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The Montessori Way of Learning

Montessori Methods Develop the Whole Personality

Dr. Maria Montessori (1870-1952) was an Italian physician whose career was dedicated to the study of children. She discovered that the characteristics at each stage of human development are unique and that the foundation of the whole personality is laid during the early years of life.

In her medical practice, Dr. Montessori’s clinical observations led her to analyze how children learn. After extensive research, she concluded that they build themselves from what they find in their environment. Centering on this insight, she developed the principles of Montessori education that are followed today in schools like Crabapple Montessori that are accredited by the Association Montessori Internationale (AMI).

Montessori classrooms are designed for children to learn independently in an environment carefully prepared and monitored by an educator trained to work with children of that specific age group. In a non-graded class of mixed ages, children spontaneously and independently use materials designed by Dr. Montessori. They choose their own activities and develop practical and intellectual abilities through individual discovery and exploration of language, mathematics, geography, geometry, art and music. Each child usually has the same teacher for three years. This strengthens the bond between teacher, child, and parents.

Today there are close to 5,000 private and approximately 200 public Montessori schools in the United States. Montessori schools are respected the world over for creating a learning environment that fosters initiative, self-esteem and a joy of learning.

To learn more about Montessori education visit www.montessori.edu, www.montessori-ami.org, www.montessori-namta.org, and www.amshq.org.

A Montessori Education Prepares Children for the Future In Ways Traditional Methods Do Not

The Montessori methodology followed at Crabapple Montessori School exemplifies the new paradigm in education promoted by internationally recognized educator Sir Ken Robinson. In 2003 Robinson was granted knighthood in Great Britain after decades of work advancing the critical role of the arts in schools and demonstrating the linkage of creativity and education to the economy.

A school is not a factory

Robinson sees that many schools are failing to prepare children for the future because they are operating in a 19th-century structure designed for the industrial revolution. They have retained a production-line approach characterized by ringing bells to stop and start learning periods, separating learning into discrete subjects, educating in batches of same-age groups, and focusing on a standardized output.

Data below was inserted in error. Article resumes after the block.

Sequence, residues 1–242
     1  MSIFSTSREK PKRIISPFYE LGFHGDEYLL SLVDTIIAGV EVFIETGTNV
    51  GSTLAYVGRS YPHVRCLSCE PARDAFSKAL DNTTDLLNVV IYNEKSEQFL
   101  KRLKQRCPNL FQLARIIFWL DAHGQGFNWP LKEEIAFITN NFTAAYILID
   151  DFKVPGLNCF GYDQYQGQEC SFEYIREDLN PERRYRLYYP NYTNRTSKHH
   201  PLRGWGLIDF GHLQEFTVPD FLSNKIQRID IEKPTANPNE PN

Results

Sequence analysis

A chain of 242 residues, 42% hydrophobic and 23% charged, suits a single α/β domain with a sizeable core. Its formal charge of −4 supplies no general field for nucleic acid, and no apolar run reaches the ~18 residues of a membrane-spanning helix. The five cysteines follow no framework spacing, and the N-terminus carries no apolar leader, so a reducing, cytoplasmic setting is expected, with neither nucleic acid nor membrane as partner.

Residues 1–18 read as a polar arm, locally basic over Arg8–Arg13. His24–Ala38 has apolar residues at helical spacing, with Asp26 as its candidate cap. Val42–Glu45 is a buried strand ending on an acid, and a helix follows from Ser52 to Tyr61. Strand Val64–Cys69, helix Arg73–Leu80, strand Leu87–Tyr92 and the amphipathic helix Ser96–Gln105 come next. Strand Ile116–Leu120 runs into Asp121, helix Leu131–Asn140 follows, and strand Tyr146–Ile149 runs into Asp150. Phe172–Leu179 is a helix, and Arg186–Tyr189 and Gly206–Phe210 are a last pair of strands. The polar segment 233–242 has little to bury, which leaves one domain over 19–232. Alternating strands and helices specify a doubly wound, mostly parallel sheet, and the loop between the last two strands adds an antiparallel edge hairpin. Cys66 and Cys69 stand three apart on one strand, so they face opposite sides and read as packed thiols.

This kind of environment is not allowing children to have the learning experiences they need to prepare for a 21st-century economy that requires collaborators and innovators.

What the new paradigm looks like

In a speech titled “Changing Education Paradigms”, Robinson calls for education that emphasizes the aesthetic experience, where learning involves “senses operating at their peak,” in a time he describes as “the most stimulating period in history of the earth.”

Robinson says education should promote “divergent thinking,” which he defines as “ the essential capacity for creativity… the ability to see lots of possible answers to a questions, lots of possible ways to thinking about a question – thinking laterally, not just linear.”

The Montessori classroom provides the kind of education Robinson is calling for: a place where learning activities are designed to engage the senses, where uninterrupted work periods allow children to pursue their interests and satisfy natural curiosity, where children work together in mixed age groups and collaborate to solve problems and learn.

More about Sir Ken Robinson

Robinson has authored many works, including, All Our Futures: Creativity, Culture and Education (1999); Out of Our Minds: Learning to Be Creative (2001); and The Element: How Finding Your Passion Changes Everything (2009). Find out more by visiting Sir Ken Robinson’s Web site.